France's President Francois Hollande (1st R) escorts his Interior Minister Manuel Valls (2nd L) after a defense meeting focused on the Malian conflict at the Elysee Palace in Paris, France, Jan. 13, 2013. French Foreign Minister Laurent Fabius confirmed Friday that France had sent troops to help Mali stop advance of Islamist rebels. (Xinhua/Etienne Laurent)
BAMAKO, Jan. 13 (Xinhua) -- The French air force on Sunday extended strike further north to Gao, one of the three major towns controlled by rebels in northern Mali, according to reports from local residents and official sources in Paris.
The French Defense Ministry confirmed the airstrike by four Rafale fighter jets, after witnesses reported bombardment of rebel positions around Gao, the hub of the rebel group MUJAO.
The aircraft taking off from France targeted training camps, infrastructure and logistic depots of terrorist groups, according to the ministry.
Military observers say Sunday's airstrike marked a turning- point of the French operation in Mali, where French troops centered on actions in central Mali to "stop" rebel offensives in the previous days.
In the region of Gao, which has the same name for its major town, residents remained indoors, terrified amid morning air raids.
"Two planes have just begun to open fire, there are 15 minutes, around us. We are all in our houses," one of the residents told Xinhua.
Another witness said, "The raids concerned the places held by Jihadists. I saw smoke rising from the camps of Jihadists."
Rebels including MUJAO, AQIM, Ansar Dine and the MNLA occupied Gao, Timbuktu and Kidal in the aftermath of a military coup on March 22, 2012.
The MNLA seeking independence was soon maginalized, while the other groups vow to impose an extremist version of Muslim Sharia law throughout Mali.
Fighting erupted in the past days after the Malian government and Ansar Dine failed to reach any deal in talks on a solution to the Mali crisis.
On Friday, Paris confirmed its military operations in Mali to back the government forces in fighting the advancing rebels, who had seized the central town of Konna threatening the southern part of Mali, including the capital Bamako.
The Malian military said it regained control of Konna with the air support of the French army, vowing to uproot rebels in further actions in cooperation with former colonial power France and regional countries.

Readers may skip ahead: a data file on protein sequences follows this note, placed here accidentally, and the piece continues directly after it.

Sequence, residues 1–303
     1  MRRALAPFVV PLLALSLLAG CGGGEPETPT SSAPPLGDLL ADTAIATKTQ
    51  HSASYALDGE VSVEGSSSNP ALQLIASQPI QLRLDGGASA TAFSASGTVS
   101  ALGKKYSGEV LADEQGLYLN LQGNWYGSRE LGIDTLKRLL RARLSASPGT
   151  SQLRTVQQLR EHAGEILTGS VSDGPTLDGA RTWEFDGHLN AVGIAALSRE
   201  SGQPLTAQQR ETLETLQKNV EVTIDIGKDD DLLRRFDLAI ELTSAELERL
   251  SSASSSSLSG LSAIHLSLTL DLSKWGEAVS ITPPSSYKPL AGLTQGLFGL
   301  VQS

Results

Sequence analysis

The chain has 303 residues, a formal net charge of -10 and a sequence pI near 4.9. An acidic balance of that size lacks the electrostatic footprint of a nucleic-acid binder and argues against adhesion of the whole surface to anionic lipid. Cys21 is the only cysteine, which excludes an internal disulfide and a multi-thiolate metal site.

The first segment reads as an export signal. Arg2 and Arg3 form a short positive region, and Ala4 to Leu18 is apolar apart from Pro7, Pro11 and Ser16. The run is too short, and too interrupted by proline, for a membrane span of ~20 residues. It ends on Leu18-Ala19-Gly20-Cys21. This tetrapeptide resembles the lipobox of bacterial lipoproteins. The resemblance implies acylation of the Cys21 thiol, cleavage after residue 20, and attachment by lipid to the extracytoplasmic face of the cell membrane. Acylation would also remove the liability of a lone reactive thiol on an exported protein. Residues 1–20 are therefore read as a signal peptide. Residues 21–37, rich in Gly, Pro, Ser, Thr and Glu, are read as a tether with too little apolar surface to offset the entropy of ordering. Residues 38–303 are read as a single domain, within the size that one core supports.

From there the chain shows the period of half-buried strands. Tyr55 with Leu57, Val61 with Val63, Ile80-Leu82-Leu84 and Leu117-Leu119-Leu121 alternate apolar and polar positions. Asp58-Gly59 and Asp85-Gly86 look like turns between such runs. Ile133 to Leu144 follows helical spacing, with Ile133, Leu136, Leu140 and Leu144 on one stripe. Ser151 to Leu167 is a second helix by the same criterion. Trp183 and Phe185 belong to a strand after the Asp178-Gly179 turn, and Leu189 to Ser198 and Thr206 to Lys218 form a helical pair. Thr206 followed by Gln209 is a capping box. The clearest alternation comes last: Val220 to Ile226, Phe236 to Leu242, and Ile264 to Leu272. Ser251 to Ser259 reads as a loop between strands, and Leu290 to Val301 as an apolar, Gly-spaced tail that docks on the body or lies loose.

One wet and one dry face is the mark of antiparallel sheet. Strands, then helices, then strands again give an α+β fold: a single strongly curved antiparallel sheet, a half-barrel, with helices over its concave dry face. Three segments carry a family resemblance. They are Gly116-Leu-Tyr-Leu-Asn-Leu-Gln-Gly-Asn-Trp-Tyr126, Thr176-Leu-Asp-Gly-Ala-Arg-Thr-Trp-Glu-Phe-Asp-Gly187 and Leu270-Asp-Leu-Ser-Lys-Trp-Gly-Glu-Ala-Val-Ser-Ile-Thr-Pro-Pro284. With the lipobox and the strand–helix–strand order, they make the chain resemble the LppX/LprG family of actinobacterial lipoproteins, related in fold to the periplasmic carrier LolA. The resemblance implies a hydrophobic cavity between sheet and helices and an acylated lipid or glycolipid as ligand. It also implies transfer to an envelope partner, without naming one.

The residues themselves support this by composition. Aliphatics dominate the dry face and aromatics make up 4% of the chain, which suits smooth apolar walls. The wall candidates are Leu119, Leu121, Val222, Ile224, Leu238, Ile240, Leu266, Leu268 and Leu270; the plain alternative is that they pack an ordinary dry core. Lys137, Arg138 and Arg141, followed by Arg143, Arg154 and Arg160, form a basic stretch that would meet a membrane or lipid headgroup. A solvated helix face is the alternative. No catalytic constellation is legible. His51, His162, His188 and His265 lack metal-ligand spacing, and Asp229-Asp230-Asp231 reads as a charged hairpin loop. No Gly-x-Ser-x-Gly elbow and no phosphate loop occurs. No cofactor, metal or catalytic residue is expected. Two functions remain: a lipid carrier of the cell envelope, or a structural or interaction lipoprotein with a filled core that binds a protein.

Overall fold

More than 100 people including both rebels and government troops have been killed in the battle over Konna.
Support continues to pour in with groups of French and Nigerian soldiers landing in Bamako on Saturday. Senegal, Burkina Faso and Niger said they would each send 500 troops to Mali to boost the Malian army.
The 15-member Economic Community of West African States (ECOWAS) on Sunday announced a plan for an extraordinary summit in Abidjan, capital of Cote d'Ivoir, next week pending a joint action in northern Mali.
Cote d'Ivoir President Alassane Ouattara, chairman of ECOWAS, on Friday declared the start of a U.N.-mandated operation to deploy more than 3,000 African soldiers to Mali.
Late last year, the UN Security Council approved an intervention plan submitted by ECOWAS to restore Mali's territorial integrity and constitutional rule.
Al-Qaida's branch in North Africa AQIM is considered a major threat in the Sahel region. The military intervention plan was drawn up out of fear that northern Mali could become a safe haven for terrorism and drug and human trafficking.
WASHINGTON, Jan. 13 (Xinhua) -- U.S. forces provided "limited support" for a botched French raid in Somalia aimed to free a hostage, President Barack Obama said on Sunday.
In a letter to Congress, Obama said that U.S. forces provided " limited technical support to the French forces" in the latter's raid to rescue a French citizen being held hostage by the al-Qaeda- linked militant group al-Shabaab in Somalia. Full story